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Thread: Seen through Nature's lacework

  1. #1
    ucci's Avatar
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    Ken Outch

    Seen through Nature's lacework

    This is a part of the 1929 city cinema designed by American John Eberson which was a cinema seating 3371 people and was the largest in Melbourne. It's Moorish revival exterior with towers and minarets is now dwarfed by surrounding Office blocks and multi storey car parks. It currently is used as a premier live music venue for International and home grown talent and as a Comedy Festival centre. Anyway, I thought this was an interesting lace work effect from the street trees. I have included another shot from a different location just to give a clearer view of its construction.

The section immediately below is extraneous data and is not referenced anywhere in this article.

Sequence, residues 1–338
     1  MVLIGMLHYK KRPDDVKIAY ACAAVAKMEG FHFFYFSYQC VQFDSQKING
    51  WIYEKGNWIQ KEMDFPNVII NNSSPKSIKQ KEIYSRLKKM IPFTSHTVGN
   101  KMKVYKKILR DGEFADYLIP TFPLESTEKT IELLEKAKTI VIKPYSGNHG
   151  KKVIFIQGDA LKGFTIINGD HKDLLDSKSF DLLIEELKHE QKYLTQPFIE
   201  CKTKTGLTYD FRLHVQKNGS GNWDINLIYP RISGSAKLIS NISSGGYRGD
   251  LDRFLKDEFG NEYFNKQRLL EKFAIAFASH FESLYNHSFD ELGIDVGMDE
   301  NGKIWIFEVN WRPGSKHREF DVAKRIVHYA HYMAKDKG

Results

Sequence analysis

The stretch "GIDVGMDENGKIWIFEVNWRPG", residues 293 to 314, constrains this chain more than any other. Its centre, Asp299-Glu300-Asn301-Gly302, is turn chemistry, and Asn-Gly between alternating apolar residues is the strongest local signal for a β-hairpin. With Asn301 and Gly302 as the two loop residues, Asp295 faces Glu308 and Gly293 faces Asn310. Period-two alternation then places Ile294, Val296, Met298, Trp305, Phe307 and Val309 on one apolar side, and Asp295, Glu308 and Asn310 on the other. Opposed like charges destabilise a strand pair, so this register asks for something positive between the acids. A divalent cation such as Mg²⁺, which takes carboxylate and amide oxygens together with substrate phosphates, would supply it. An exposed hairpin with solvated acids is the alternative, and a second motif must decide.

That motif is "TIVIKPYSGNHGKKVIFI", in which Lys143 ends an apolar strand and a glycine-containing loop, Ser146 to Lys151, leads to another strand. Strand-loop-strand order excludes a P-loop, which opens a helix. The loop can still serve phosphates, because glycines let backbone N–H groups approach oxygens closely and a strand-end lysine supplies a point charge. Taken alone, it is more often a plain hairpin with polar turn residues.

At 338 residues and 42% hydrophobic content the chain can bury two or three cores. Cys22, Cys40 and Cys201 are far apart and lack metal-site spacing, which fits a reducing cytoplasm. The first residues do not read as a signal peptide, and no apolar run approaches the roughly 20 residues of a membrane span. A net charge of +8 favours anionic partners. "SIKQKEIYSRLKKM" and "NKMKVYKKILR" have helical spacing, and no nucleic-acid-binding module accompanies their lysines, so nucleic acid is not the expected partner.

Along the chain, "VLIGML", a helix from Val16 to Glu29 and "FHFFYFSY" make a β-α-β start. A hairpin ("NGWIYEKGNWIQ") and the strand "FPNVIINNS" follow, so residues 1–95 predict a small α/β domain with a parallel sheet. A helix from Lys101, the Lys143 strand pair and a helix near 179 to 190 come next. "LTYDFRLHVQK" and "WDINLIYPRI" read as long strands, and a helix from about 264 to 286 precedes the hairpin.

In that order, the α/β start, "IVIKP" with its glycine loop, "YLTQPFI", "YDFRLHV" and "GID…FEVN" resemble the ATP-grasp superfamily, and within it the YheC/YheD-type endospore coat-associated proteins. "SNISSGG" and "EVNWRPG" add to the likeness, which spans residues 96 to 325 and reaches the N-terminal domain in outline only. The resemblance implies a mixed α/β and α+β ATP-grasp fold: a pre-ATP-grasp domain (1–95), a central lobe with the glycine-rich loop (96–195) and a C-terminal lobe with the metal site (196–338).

Thanks for viewing and for any cc comments you might like to post to help me do better.

    Seen through Nature's lacework

    Seen through Nature's lacework
    Last edited by ucci; 28th September 2012 at 02:18 AM.

  2. #2
    Moderator Donald's Avatar
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    Just add 'MacKenzie'

    Re: Seen through Nature's lacework

    I wrote (just a couple of days ago) in response to one of Manfred's images about the importance of really working a location in order to find the best shot and not just fire off as soon as you get to a chosen place. This is a perfect example of that.

    I suspect that 99.99% of people who ever take a shot of this building do so from somewhere like the where the second shot was taken from. "Very nice. Yeh, great. Cool building. Next picture please". Whereas, in my opinion, the first one results from working to get the shot that really becomes a picture worthy of the name. The result of really looking. And that leads to us stopping to really look at the final image.

    To be snobbish about it, this is the photographer rather than the snapper, at work

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